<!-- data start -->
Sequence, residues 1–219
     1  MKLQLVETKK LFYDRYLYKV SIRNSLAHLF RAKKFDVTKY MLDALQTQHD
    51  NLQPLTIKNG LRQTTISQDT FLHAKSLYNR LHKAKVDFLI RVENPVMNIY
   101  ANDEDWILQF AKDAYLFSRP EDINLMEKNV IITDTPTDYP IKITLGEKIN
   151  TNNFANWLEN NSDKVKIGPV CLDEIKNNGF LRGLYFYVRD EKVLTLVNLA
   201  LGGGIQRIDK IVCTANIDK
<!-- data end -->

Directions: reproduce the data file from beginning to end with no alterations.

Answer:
Sequence, residues 1–219
     1  MKLQLVETKK LFYDRYLYKV SIRNSLAHLF RAKKFDVTKY MLDALQTQHD
    51  NLQPLTIKNG LRQTTISQDT FLHAKSLYNR LHKAKVDFLI RVENPVMNIY
   101  ANDEDWILQF AKDAYLFSRP EDINLMEKNV IITDTPTDYP IKITLGEKIN
   151  TNNFANWLEN NSDKVKIGPV CLDEIKNNGF LRGLYFYVRD EKVLTLVNLA
   201  LGGGIQRIDK IVCTANIDK